In this discovery dispute, the Texas Supreme Court “elucidate[d] the guiding principles” that govern discovery by concluding that its state rules align with the federal rules. Under both, “proportionality is the polestar” that should guide the courts.
The case began with homeowners “alleging underpayment of insured hail-damage claims” by their insurance company, State Farm Lloyds (“State Farm”). During discovery, the homeowners requested electronically stored information (ESI) in native format, such as Word documents and Excel spreadsheets. That native format would not only provide metadata about file creation dates but also comments, tracked changes and spreadsheet formulas.
State Farm refused, offering to produce only a “searchable static form,” such as PDF or picture files. State Farm argued that this was a “reasonably usable” form of ESI. Moreover, State Farm stated that with “more than 35,000 new claims each day,” it “routinely converted” data into a static format in its ordinary course of business. Providing native-format ESI would, State Farm argued, “be an extraordinary and burdensome undertaking.”
The trial court ruled in favor of the homeowners. It ordered State Farm to produce native-format ESI “regardless of whether a more convenient, less expensive, and ‘reasonably usable’ format” was available. State Farm sought a writ of mandamus, an order that would override the trial court’s order. The intermediate appellate court declined that relief. State Farm therefore requested mandamus relief from the Texas Supreme Court.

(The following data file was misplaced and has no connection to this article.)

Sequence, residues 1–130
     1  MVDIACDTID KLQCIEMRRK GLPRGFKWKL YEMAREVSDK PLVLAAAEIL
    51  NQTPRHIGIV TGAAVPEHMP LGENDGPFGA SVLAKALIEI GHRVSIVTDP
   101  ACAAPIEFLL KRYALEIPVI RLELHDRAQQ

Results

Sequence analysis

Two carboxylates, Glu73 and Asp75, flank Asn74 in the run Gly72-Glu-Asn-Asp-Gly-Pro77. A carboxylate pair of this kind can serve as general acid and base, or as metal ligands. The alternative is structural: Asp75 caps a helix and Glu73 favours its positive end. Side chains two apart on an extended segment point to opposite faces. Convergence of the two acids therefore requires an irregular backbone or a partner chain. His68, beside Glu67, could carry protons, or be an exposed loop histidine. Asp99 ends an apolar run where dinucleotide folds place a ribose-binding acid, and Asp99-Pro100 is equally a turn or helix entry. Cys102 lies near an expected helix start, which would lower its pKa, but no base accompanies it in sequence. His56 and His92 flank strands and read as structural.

The court began its opinion by noting that neither party “has a unilateral right to specify the format of discovery.” The allowable scope of discovery includes “any matter that is not privileged and is relevant” to any claim or defense. Generally, though, the trial court “must make an effort to impose reasonable discovery limits.”
Specifically considering e-discovery, the court concluded that “while metadata may generally be discoverable … that does not mean production in a [native] format is necessarily required.” Instead, whether metadata is necessary depends on whether it is proportional to the case.
The court examined proportionality under the Texas state rules, the Sedona Conference’s principles, and the Federal Rules of Civil Procedure, specifically Rules 34 and 26, concluding that those rules align. Each requires that the trial court “balance any burden or expense” of the requested information against specific proportionality factors.
Those factors include the benefits of the specific discovery sought and “the needs of the case.” Specifically, “metadata may be necessary to the litigation when the who, what, where, when, and why ESI was generated is an actual issue in the case.” Additionally, the court should consider “the amount in controversy, the parties’ [financial and technological] resources, the importance of the issues at stake … and the importance of the requested format in resolving the issues.”
Finally, the court noted that discovery, and e-discovery in particular, “is necessarily a collaborative enterprise.” In that collaboration, “proportionality is the polestar” for the parties and the courts. The court denied State Farm’s request for relief without prejudice for reconsideration by the trial court.
Takeaways on proportional discovery requests
Address each proportionality factor that applies when requesting a specific form of discovery or objecting to a request for a different production format. Do not rely on conclusory statements or declare that a particular format would be “extraordinary and burdensome” to provide without explaining precisely why and how.
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